Deviled crab

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Deviled crab from historic Ybor City, Tampa

Deviled crab (croqueta de jaiba in Spanish) is a crab meat croquette. Deviled crab croquettes originated in Tampa, Florida, where they were developed in the Spanish, Cuban and Italian immigrant community of Ybor City. It is typically served for lunch or as a snack, and it is meant to be eaten with one hand.

Deviled crabs are somewhat similar to boardwalk-style Maryland crab cakes. Differences include the oblong shape, the seasonings used, and the preferred method of eating (by hand). Since deviled crabs were designed to be hand-held, they are packed together more densely than a crab cake so as to not come apart easily.[1]

Preparation and description[edit]

The deviled crab is prepared by slowly sautéing blue crab meat with a seasoning sauce made with tomatoes, onions, peppers, and various other flavors. This seasoning sauce is a version of a Cuban-style enchilada / sofrito sauce, known locally as "chilau".[1] Once most of the liquid is gone, the cooked crab meat is rolled in breadcrumbs (traditionally stale Cuban bread) and hand-formed into the approximate shape of a rugby football or small potato, then deep fried until brown.[2] Early versions of the recipe usually contained more spicy chili pepper than modern versions, thus giving them the appellation "deviled" in English.[1] As the croqueta's spiciness was toned down to account for a wider range of tastes, various pepper sauces became a common condiment utilized by those who liked their deviled crabs hot.[3][4]


Deviled crabs originated in the Spanish/Cuban/Italian immigrant community of Ybor City, Tampa, Florida during a late-1920s strike in the area's cigar factories.[5] Since blue crabs were plentiful in the nearby waters of Tampa Bay and Cuban bread was cheap, unknown home chefs seeking an inexpensive meal combined these ingredients with their own seasonings to make Tampa-style crab croquettes. These croquetas de jaiba became widely popular after the strike, when local entrepreneurs began selling their own versions of the snack from pushcarts and bicycles along Tampa sidewalks.[6][7]

Deviled crabs are still popular in the Tampa Bay area, especially in lunch cafes and restaurants that serve Cuban and/or Spanish cuisine in Ybor City and West Tampa.[7][8] Smaller crab croquetas are commonly served as appetizers while larger versions can be a meal onto themselves.[9]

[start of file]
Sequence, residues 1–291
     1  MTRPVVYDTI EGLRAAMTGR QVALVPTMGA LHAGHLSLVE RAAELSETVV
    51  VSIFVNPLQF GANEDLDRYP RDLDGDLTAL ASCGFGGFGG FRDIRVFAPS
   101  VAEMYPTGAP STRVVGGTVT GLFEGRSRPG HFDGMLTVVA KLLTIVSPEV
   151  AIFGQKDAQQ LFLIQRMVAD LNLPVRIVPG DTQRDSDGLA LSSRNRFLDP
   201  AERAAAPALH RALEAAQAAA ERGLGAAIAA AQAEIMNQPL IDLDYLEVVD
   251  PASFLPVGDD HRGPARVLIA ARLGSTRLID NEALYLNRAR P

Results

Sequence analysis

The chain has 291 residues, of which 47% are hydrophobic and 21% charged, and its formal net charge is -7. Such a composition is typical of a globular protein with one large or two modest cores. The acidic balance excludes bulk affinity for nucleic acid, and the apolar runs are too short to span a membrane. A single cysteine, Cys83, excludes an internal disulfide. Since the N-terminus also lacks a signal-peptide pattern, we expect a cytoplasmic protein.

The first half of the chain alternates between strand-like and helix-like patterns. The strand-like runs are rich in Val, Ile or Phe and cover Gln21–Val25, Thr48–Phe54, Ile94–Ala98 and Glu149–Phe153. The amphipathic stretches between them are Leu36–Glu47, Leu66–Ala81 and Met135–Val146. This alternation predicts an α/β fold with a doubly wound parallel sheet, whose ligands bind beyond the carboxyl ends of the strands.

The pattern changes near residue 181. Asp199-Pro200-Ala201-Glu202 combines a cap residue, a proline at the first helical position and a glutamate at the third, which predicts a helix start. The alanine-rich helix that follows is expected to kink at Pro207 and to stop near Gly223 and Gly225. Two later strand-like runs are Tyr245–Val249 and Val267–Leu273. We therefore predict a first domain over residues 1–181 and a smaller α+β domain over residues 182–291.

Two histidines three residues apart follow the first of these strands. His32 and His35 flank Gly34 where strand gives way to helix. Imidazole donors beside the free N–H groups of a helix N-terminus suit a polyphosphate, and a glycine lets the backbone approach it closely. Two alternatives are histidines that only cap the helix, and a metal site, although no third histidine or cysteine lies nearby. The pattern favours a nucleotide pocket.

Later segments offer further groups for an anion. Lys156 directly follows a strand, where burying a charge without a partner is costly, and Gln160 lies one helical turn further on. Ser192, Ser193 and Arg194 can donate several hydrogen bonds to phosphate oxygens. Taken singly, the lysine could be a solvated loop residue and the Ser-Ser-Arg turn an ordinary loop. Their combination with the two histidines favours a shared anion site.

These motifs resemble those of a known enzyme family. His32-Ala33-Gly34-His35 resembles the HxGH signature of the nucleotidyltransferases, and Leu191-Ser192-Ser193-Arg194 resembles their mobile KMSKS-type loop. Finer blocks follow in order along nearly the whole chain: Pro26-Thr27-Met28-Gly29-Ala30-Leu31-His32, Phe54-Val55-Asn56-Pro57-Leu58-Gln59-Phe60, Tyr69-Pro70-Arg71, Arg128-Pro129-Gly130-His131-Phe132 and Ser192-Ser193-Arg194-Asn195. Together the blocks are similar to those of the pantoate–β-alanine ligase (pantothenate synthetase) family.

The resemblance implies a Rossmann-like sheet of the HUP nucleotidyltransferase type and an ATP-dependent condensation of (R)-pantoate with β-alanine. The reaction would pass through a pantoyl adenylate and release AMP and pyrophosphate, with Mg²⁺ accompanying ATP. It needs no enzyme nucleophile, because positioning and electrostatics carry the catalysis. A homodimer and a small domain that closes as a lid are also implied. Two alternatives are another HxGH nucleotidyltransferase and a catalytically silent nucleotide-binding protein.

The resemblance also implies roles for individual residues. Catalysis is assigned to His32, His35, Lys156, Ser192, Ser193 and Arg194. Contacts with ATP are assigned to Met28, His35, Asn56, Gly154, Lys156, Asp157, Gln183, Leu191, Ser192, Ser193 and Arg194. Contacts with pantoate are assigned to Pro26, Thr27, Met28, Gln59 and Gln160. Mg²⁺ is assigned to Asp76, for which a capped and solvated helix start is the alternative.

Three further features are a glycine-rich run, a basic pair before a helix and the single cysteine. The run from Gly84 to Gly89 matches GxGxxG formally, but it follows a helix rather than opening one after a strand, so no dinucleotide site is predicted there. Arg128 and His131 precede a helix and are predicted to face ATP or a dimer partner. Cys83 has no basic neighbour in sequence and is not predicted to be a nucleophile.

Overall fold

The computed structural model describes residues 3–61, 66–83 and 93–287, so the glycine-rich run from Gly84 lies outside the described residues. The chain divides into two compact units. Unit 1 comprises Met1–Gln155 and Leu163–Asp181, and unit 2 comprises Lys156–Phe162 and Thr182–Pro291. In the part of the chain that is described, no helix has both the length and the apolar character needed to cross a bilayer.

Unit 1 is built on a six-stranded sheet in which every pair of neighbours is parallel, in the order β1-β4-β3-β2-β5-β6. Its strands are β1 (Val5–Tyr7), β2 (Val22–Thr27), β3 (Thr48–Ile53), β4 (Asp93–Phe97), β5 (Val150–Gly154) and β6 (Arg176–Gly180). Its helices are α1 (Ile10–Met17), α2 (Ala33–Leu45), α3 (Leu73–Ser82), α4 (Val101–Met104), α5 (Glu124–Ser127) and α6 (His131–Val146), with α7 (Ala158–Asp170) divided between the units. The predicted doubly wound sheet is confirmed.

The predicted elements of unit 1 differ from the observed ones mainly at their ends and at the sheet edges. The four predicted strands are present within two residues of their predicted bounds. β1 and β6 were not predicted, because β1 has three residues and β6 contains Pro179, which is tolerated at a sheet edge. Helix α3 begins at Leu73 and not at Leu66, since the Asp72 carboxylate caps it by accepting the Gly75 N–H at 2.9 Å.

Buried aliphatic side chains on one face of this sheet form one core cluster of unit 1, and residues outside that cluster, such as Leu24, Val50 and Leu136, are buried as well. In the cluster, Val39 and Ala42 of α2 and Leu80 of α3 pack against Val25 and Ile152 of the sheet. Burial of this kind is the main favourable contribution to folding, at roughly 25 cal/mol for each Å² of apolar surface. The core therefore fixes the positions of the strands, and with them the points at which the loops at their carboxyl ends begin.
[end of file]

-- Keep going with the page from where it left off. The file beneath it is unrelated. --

Other versions[edit]

Deviled crab served on halved shells at Mocambo Calcutta, India

Up the U.S. Atlantic coast from Georgia to the Chesapeake Bay region, "deviled crab" refers to a different dish entirely. In this version, crab meat (usually blue crab) is taken out of the shell, mixed and cooked with bread crumbs and spices with a consistency similar to loose crab cake, and then returned to a halved crab shell to be served and eaten with a fork or spoon.[10]Another in-shell version of the deviled crab that is served in India and along the coastlines of other south Asian countries is more similar to the Chesapeake deviled crab than the Tampa deviled crab.

See also[edit]


  1. ^ a b c Deviled crab croquettes a tasty Tampa tradition | Archived 2012-10-09 at the Wayback Machine
  2. ^ Deviled Crab Rolls Recipe
  3. ^ food museum blog: Devil Crabs Served Up With Cuban Luvvvvvv
  4. ^ Travis, Helen Anne (16 July 2015). "Deviled Crab Throwdown contestants will dish up Tampa history Saturday". Tampa Bay Times. Retrieved 31 January 2019.
  5. ^ ""Bitter Strikes Brought Deviled Crabs" - Cigar City Magazine". Archived from the original on 2012-07-22. Retrieved 2016-03-13.
  6. ^ "A venerable Tampa tradition" - Archived 2008-05-12 at the Wayback Machine
  7. ^ a b "Tampa's Favorite Street Food" - New York Times
  8. ^ Best Deviled Crabs in Tampa - Florida - Chowhound
  9. ^ Hooper, Ernest (14 May 2015). "Love of deviled crab is in the details". Tampa Bay Times. Retrieved 31 January 2019.
  10. ^ Deviled Crab < 20 Coastal Crab Recipes - Coastal Living

External links[edit]